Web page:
Free Lance Musician

After the last notes of the last piece of the last show of the musical I have been helping with at Grand Haven High School, the interminable thank-you’s began. I wonder what happened to my old high school drama coach’s idea that you never break character. The thank-you’s started with behind the scenes people and ended with a huge hurrah for the adult director. Good Grief.

Anyway, the pit orch conductor shook my hand as did the young pianist who sat behind me all the time.

I had a long day of playing music yesterday.

Started out with a cellist playing a Haydn cello concerto with me playing the transcription of the orchestra part. This went pretty well.

I am always struck by the vulnerability of high school musicians. They are caught up in figuring out the world. A mixture of high hopes and discouragement. All felt intensely.

After this I met a young violinist who was to perform a Telemann concerto. I found the piano soloists warm-up room and managed to get us some time to read through her concerto. She had only contacted me a day or two before. Her accompanist had canceled.

I found out later that her accompanist was involved with another pit orchestra in Muskegon for the musical “Les Miz “and had to play a matinée. Ended up backing out of solo and ensemble commitments.

I found out that my Telemann violinist had only been playing for two years. She played extremely well for so little experience. The run-through went pretty well. But when she performed for the judge, she was very excited and went very fast and changed tempos on me. The judge was kind of an idiot. He increased her nervousness as we waited for a page to bring him some necessary forms. He commented on how big the young woman was for her age: “Grow ’em big up there in Muskegon, eh?” She was obviously embarrassed as was I.

Other highlights of my solo and ensemble day included

1. People being nice to me. This may strike you as odd, but by the end of the day I noticed that people were very nice to me. Strangers saying hi and smiling. I have been wearing my long hair down due a recurring head/neck ache I have had since my trip to China (fatigue? alcohol withdrawal? terminal cancer?). The lady in the cafeteria at the school where the festival was held undercharged me for my salad (“They charge so much because the kids pile it high. You just have a 2.00 salad there”).

2. The flute player I have been accompanying nailed her solo. She was playing as difficult a work as I heard (in person) on Saturday: Poulenc’s Flute Sonata, mov 1. It’s a lovely work and actually a piece of the flute repertoire. This player tends to play buy diazepam in turkey well in rehearsal and then get very nervous at festival. But she played musically and confidently. I was disappointed in my own playing on this one because I made new mistakes probably due to my own fatigue. Bah.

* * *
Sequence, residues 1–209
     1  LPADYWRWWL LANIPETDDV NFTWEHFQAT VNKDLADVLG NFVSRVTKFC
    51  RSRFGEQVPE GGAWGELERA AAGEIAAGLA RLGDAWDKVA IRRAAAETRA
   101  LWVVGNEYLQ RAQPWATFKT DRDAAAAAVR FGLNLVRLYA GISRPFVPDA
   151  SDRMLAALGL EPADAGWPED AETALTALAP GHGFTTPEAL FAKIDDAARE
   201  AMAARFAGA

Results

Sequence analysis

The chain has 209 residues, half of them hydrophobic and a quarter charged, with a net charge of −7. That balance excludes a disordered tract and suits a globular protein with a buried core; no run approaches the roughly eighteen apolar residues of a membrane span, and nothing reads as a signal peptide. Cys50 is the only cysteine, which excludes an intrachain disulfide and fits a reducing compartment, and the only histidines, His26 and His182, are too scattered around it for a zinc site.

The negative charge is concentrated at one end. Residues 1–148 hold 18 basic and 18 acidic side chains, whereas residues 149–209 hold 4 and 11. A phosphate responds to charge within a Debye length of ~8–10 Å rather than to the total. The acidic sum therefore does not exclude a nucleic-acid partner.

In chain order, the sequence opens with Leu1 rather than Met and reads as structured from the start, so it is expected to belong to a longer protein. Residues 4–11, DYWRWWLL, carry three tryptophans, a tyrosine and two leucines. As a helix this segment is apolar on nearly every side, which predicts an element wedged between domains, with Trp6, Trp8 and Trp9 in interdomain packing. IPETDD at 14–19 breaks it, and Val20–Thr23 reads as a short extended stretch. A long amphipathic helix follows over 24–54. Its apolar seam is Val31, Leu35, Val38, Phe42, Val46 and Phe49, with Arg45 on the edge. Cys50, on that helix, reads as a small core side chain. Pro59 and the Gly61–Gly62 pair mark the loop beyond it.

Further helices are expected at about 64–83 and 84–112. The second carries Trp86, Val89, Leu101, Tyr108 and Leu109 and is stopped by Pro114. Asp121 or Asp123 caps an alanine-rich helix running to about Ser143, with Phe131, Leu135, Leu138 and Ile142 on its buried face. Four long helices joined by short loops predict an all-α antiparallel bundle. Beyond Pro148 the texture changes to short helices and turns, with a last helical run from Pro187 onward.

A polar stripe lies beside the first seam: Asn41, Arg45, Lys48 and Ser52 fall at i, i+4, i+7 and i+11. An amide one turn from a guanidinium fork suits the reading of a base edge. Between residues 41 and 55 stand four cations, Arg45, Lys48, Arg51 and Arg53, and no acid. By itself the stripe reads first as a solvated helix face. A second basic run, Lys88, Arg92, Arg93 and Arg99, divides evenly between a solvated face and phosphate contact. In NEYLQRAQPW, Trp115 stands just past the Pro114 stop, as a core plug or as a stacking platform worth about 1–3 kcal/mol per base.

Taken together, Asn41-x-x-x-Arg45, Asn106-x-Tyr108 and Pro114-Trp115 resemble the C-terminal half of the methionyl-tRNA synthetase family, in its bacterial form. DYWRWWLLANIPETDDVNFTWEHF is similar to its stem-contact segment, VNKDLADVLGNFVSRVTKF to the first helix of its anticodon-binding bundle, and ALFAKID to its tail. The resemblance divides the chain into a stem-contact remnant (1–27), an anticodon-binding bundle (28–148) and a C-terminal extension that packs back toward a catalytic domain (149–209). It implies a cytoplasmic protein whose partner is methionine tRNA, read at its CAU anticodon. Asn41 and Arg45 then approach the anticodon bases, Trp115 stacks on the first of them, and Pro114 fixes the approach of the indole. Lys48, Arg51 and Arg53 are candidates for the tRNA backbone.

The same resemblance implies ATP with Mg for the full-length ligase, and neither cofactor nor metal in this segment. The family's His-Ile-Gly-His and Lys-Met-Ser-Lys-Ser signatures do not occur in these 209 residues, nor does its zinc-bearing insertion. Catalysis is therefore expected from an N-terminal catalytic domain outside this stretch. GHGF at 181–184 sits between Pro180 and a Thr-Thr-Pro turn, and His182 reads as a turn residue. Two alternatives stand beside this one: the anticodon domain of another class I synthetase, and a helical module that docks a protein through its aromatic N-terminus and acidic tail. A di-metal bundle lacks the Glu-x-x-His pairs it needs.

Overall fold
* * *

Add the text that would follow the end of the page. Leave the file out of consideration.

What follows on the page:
3. The other last minute player I accompanied played a big concerto movement that we didn’t manage to get through for the judge. (they stop you if it’s too long) This was the other kid whose accompanist canceled on him. Both of my last minute people were ninth graders who played pretty well. This kid’s performance time was a bit later in the day so I had a couple of hours to kill. I corrected my quizzes from college and then listened to my podcasts of On the Media and some of This American Life.

4. I ran into several people from my past lives including Mr. Riekow my daughter Sarah’s old orchestra teacher (Hi Sarah. Mr. Riekow says hi and that he still has the Elvis Costello CD you gave him. I guess he really remembered you. Last time I saw him he just kept walking. I think this was because I was working with the Holland High School Musical which was sort of a renegade project that didn’t involve teachers from the school like Mr. Riekow. I still haven’t gotten paid for this).

Also saw a young saxophonist I know who had put together a jazz ensemble with students from two schools. He described for me how they had done all their homework about authorization for such a thing. But the judges still insisted on reconfirming their legitimacy. Good grief.

I met this saxophonist playing in the pit orchestra for Holland High School for the show I never got paid for. I guess some good came of that experience. His ensemble played a medley (it sounded like he arranged it) of tunes including some Ellington and other standards. I admire this.

Last night the director of the pit orchestra showed me the amount of the check I will get for playing for Grand Haven High School’s musical. It’s around 1 K and is just about half of what I owe Uncle Same for taxes this year.

I have mixed feelings about taxes. I think people should kick in for services for government. I also almost feel like a sap because I declare all my extra income. It is this extra income that causes me to have to pay extra each year. I guess it’s really a small price to pay for my feeble attempts at personal integrity.

Recently one of the people being nice to me asked me what I do. I came up “I guess I’m just a free lance musician like so many of them.” Hm. That’s good. Maybe I’ll stick with that for a while to answer that question.

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